Customer Service | Help | FAQ | PEP-Easy | Report a Data Error | About
Tip: To use Pocket to save bookmarks to PEP-Web articles…

PEP-Web Tip of the Day

Pocket (formerly “Read-it-later”) is an excellent third-party plugin to browsers for saving bookmarks to PEP-Web pages, and categorizing them with tags.

To save a bookmark to a PEP-Web Article:

  • Use the plugin to “Save to Pocket”
  • The article referential information is stored in Pocket, but not the content. Basically, it is a Bookmark only system.
  • You can add tags to categorize the bookmark to the article or book section.

For the complete list of tips, see PEP-Web Tips on the PEP-Web support page.

Kaplan-Solms, K. McLean, D. (1995). Differential Diagnosis of Language Disorder in a Child-Analytic Setting. Bul. Anna Freud Centre, 18(3):187-204.

(1995). Bulletin of the Anna Freud Centre, 18(3):187-204

Differential Diagnosis of Language Disorder in a Child-Analytic Setting

Karen Kaplan-Solms and Duncan McLean

Introductory Comments

Delay in language development is a relatively common disorder of childhood. It has been estimated that up to 6% of children have such a problem. An even larger proportion of children have articulatory difficulties (Cantwell & Baker 1985). In some children the language delay is secondary to some other major disturbance such as autism or mental retardation. However the majority have what is designated ‘developmental language delay’, where the primary difficulty is in language production. In this paper we will be looking at three such cases.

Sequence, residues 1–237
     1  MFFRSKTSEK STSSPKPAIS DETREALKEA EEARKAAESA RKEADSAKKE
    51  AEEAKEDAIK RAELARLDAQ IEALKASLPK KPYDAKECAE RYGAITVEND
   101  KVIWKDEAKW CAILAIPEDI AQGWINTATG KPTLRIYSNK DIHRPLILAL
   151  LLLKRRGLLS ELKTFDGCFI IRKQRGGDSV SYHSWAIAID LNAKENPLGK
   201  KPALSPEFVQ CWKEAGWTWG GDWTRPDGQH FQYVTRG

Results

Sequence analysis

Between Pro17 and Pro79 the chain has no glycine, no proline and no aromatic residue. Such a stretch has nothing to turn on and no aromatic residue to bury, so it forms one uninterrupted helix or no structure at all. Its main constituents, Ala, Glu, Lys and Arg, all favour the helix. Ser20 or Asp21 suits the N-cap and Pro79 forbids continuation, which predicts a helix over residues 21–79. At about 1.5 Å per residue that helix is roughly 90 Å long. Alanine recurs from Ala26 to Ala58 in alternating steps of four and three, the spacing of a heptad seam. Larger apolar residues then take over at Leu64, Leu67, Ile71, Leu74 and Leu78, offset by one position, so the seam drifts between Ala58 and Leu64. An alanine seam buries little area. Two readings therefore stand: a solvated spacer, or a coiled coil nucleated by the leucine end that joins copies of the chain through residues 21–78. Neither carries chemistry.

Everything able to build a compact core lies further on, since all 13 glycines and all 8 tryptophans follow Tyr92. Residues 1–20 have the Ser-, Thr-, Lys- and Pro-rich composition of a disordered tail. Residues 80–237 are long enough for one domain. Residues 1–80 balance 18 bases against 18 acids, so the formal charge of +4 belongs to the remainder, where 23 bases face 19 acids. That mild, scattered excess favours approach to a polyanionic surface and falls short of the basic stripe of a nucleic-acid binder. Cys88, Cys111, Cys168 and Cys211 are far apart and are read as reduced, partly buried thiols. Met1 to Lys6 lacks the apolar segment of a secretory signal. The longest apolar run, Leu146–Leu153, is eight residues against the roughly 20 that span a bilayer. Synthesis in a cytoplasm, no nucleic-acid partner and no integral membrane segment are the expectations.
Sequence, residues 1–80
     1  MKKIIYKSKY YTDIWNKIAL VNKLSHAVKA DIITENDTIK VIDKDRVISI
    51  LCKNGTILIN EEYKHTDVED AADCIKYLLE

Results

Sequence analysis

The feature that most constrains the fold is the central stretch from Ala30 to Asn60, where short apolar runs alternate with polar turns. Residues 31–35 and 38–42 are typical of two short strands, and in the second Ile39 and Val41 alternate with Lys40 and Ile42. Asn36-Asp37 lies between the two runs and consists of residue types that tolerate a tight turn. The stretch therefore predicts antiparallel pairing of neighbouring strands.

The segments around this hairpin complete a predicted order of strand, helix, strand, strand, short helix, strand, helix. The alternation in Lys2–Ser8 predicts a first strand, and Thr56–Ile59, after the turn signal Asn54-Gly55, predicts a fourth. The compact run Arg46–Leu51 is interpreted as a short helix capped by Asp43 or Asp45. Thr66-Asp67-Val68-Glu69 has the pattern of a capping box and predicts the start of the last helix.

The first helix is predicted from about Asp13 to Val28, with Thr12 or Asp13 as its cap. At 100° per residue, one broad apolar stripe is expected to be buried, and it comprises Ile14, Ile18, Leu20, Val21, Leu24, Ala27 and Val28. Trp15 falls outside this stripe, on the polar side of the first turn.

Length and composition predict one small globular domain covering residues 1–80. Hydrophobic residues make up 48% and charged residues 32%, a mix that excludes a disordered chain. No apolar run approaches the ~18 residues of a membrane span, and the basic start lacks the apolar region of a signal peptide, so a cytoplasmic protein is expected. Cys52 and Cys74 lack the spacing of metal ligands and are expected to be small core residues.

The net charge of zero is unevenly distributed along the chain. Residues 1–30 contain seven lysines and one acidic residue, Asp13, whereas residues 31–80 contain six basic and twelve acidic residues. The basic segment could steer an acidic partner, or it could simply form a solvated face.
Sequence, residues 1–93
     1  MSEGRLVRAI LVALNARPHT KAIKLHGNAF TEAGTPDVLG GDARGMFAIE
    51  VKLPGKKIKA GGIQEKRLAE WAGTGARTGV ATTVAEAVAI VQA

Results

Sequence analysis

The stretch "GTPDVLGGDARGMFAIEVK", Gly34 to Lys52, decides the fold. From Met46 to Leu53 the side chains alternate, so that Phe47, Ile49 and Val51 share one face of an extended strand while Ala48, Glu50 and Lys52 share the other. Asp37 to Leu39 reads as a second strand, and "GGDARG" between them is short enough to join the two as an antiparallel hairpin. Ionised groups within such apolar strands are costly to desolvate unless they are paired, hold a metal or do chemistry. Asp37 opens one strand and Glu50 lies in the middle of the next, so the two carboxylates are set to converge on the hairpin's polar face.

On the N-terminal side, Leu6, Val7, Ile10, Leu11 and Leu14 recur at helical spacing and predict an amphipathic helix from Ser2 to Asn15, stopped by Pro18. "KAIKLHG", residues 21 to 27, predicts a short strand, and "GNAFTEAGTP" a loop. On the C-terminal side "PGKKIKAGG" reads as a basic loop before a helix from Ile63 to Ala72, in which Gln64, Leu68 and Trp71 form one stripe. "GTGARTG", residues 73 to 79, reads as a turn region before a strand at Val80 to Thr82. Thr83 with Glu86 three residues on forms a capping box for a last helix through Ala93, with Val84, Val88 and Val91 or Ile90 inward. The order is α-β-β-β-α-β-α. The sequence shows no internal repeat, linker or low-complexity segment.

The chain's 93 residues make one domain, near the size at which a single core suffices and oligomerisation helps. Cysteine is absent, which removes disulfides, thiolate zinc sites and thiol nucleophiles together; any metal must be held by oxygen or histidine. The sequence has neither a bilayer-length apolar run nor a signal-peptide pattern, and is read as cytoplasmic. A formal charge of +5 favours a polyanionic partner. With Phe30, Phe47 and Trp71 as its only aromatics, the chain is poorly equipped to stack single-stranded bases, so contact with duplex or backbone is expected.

These cases were assessed both psychoanalytically and neuropsychologically. The psychoanalytic assessment considered the child's background, environment, development, and current psychological functioning. In so doing, the psychoanalytic assessment attempted to identify specific conflicts and emotional difficulties, as well as to assess individual strengths and weaknesses within the context of the child's development. The neuropsychological assessment considered the children's speech and language symptomatology in relation to the organization of these functions in the brain.

[This is a summary or excerpt from the full text of the book or article. The full text of the document is available to subscribers.]

Copyright © 2020, Psychoanalytic Electronic Publishing, ISSN 2472-6982 Customer Service | Help | FAQ | Download PEP Bibliography | Report a Data Error | About

WARNING! This text is printed for personal use. It is copyright to the journal in which it originally appeared. It is illegal to redistribute it in any form.